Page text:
Enoch drove an International Harvester 4X4 Scout which was most of the pay provided him by the man and lady of the house for his services twelve to sixteen hours a day, seven days a week, fifty-two weeks a year. The Scout plus licensing and insurance and one $500 gift each Christmas.

Other than these things, Enoch covered his own expenses. He paid for his lunches and slept each night in a bedroom with an exterior entrance that was attached to the house he used to own. He’d sold the house to a young couple in his Baptist church, I’m sure at a wonderful price. The main requirement had been that they agreed to allow Enoch to sleep in his bedroom as long as he lived.

A confession. One day, I was running an errand in Enoch’s Scout. He was back at the estate and I was down in Manchester driving toward town center on School Street. There about thirty yards in front of me, I saw a scrawny dog puttering down the sidewalk flush with the right curb of the very narrow street. Typical in New England, the roadway was narrow, the sidewalks were within a couple feet of the passing cars, and the house fronts were just a few feet behind the sidewalks.

The Scout had an annoying habit of backfiring and I’d figured out how to trigger it. As we approached the dog, I took my foot off the accelerator, turned off the ignition, and let the Scout build compression in its carburetors. Then, just as I reached the dog, I flipped on the ignition and the Scout let out a sharp explosion halfway between a Black Cat and a Cherry Bomb.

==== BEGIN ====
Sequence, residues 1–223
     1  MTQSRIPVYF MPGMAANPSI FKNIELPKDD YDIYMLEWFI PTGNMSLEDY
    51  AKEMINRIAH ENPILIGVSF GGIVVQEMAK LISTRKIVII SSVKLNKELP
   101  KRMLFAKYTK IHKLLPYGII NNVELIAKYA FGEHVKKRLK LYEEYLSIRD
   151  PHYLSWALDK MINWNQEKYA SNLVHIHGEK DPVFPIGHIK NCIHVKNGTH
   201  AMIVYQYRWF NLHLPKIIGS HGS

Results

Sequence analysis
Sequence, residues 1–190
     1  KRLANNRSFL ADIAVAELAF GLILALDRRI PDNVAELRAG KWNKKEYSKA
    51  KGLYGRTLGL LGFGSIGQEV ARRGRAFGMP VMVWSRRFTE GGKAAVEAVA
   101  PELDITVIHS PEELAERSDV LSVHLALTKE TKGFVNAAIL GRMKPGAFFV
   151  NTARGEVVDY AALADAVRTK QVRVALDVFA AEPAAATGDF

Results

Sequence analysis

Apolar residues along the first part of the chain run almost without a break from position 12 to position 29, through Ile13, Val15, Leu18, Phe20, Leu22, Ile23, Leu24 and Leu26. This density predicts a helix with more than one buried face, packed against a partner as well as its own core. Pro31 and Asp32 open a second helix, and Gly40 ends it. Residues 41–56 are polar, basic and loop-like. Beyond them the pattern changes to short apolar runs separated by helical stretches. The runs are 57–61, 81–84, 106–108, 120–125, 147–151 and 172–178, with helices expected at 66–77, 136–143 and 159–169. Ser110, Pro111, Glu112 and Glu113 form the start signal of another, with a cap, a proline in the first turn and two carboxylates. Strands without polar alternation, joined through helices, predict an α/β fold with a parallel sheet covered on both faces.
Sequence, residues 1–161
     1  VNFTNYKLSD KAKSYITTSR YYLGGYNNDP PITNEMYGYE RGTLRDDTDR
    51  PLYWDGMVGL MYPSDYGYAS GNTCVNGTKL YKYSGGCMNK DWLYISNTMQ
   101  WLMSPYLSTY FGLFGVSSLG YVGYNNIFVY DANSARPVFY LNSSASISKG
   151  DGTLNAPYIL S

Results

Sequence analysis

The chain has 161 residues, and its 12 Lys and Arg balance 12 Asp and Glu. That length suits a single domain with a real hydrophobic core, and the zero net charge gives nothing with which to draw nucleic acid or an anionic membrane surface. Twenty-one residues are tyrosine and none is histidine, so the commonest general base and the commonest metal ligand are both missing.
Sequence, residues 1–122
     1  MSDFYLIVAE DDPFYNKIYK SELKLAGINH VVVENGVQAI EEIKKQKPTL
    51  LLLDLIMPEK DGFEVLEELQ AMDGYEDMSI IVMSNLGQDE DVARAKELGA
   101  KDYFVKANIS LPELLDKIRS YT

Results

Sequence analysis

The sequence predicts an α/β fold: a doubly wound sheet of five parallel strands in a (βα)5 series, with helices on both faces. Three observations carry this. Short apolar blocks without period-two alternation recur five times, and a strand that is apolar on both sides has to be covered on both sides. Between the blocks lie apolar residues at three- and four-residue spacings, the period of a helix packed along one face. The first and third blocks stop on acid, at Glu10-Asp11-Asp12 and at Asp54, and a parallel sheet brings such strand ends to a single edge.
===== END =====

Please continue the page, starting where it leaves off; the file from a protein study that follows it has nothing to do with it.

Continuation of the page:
The kaboom scared that poor dog senseless. It occured just three or four feet from him. He had been minding his own business, and then the world exploded right next to him.

He jumped ten feet in the air. His feet were splayed in all directions. His tongue hung sideways from his mouth and his eyes communicated abject terror.

Watching the dog, I howled with laughter. It was mean. I was mean. I’m happy to report it was somewhat out of character for me, but there it is.

Worse than my cruelty to the dog, though, was my resultant theft. From the moment of the explosion, the muffler’s core was shot, but instead of owning up to my responsibility, I took the car back to Enoch and told him something was wrong with his muffler. He paid for its repair.

And there you see what kind of a friend I was to Enoch. Once.

To my shame.

The Bible tells me Jesus died for this sin. I cling to it.

(To be continued.)

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